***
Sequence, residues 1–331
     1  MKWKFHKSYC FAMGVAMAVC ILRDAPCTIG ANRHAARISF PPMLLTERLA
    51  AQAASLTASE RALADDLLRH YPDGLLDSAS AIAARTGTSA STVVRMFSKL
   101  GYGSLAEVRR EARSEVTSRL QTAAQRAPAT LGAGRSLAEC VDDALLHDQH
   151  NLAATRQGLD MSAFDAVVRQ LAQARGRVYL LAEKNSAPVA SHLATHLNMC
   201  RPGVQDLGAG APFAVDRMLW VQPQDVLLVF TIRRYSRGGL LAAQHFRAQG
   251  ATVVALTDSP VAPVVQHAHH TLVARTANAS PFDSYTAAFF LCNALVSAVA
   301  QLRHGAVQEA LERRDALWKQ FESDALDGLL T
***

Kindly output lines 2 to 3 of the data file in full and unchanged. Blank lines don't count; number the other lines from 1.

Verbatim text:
     1  MKWKFHKSYC FAMGVAMAVC ILRDAPCTIG ANRHAARISF PPMLLTERLA
    51  AQAASLTASE RALADDLLRH YPDGLLDSAS AIAARTGTSA STVVRMFSKL